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Here in “Livable, Lovable Lodi,” we are blessed each Memorial Day by Cherokee Memorial Park’s annual “Avenue of Flags.” Today marks the fiftieth year that Memorial Day has been commemorated by a breathtakingly beautiful display of American flags.

These are not just any ordinary flags, however. When a veteran is buried, entombed or inurned in the cemetery, his/her family may donate the flag and purchase a flag pole. Thereafter, the flag, bearing the veteran’s name, and dates of birth and death, is flown each and every Memorial Day.

The photo on the right, taken a couple of years after my father’s death, is of my mother and my boys standing next to his flag. A veteran of the United States Army who served during World War II in the Pacific Theatre (Australia and New Zealand), my father rarely talked about his military experiences. We knew that it was a painful subject he preferred not to reminisce about. But he was proud to be a veteran and every Memorial Day he made it a point to drive out to the cemetery and see the flags displayed. In fact, I have the home movies he took many years ago and it is amazing to see how the cemetery has expanded and the number of flags flying there increased over the years.

So after his death, there was no discussion needed. We knew that he wanted his flag, presented to my mother when he received full posthumous military honors, donated to wave proudly in the breeze in his honor each year.

The cemetery has added a new section called the “Garden of Freedom,” designated as the final resting place for not just veterans, but also peace officers, fire fighters, support staff members and spouses. It is marked by this elegant monument:


But the most moving tribute at the cemetery today was the collection of small flags displayed in honor of the military personnel who have lost their lives in Afghanistan and Iraq. There were more than 3,400 of them. Far too many to capture in one photo from any available vantage point.

I was moved by the juxtaposition of the large flags waving along the roadways that weave through the grounds and the densely packed field of small flags.


The is dedicated to the United States’ military personnel who never came home.

I hope that wherever you were today, whatever activities you engaged in, you stopped to remember those who are currently serving and risking their lives, as well as those who served in past conflicts, but never made it back to their loved ones.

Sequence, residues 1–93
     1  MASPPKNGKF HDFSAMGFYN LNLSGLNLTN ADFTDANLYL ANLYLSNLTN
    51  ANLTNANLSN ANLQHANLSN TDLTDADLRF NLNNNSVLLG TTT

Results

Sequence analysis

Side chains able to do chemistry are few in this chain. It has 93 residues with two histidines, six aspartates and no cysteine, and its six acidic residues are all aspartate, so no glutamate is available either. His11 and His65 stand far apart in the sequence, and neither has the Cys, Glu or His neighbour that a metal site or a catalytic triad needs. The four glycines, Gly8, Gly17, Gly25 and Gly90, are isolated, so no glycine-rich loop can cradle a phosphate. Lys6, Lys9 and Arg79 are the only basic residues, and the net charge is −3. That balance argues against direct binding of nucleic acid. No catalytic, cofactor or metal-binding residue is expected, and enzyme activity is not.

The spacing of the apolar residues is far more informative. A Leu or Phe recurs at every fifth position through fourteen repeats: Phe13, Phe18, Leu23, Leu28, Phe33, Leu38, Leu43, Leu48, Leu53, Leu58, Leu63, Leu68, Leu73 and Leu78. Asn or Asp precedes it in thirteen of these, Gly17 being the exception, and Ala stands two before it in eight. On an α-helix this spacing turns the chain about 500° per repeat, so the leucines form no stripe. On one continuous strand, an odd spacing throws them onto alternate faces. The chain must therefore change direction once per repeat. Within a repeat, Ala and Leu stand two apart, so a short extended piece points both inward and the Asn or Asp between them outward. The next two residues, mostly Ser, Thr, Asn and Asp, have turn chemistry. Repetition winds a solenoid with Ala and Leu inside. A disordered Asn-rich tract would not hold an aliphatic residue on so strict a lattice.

I don’t care what your political opinions are . . . today is not a day to think or argue about politics. Today is a day when we need to stop, pause and look at all these flags dotting the grass and remember that each one represents the life of a young man or woman that ended far too soon. Irrespective of what you think about the wisdom of the leaders of this nation who sent them into battle, they died bravely, in service to this country. They died doing the job that they were sent to do and they are survived by grieving families and friends.
Most sobering to me is the fact that the majority of these 3,400-plus flags represent the lives of men and women who never celebrated their twenty-fifth birthdays — and never will.

Tomorrow we can resume the debate about how to bring their brothers and sisters still serving in Iraq, Afghanistan, and other locations back home safely. Tomorrow we can pick up where we left off in the battle to select a new president. Tomorrow we can again argue with each other about whether Rosie O’Donnell’s remarks were right or wrong, whether George Bush should finish out his term or be impeached, and all the rest of it.

But just for today, we owe it to all those who gave up their very lives to take a break from our own busy lives to light a candle and say to each and every one of them:

“Bless you and those who loved you. Well done, good and faithful servants.”

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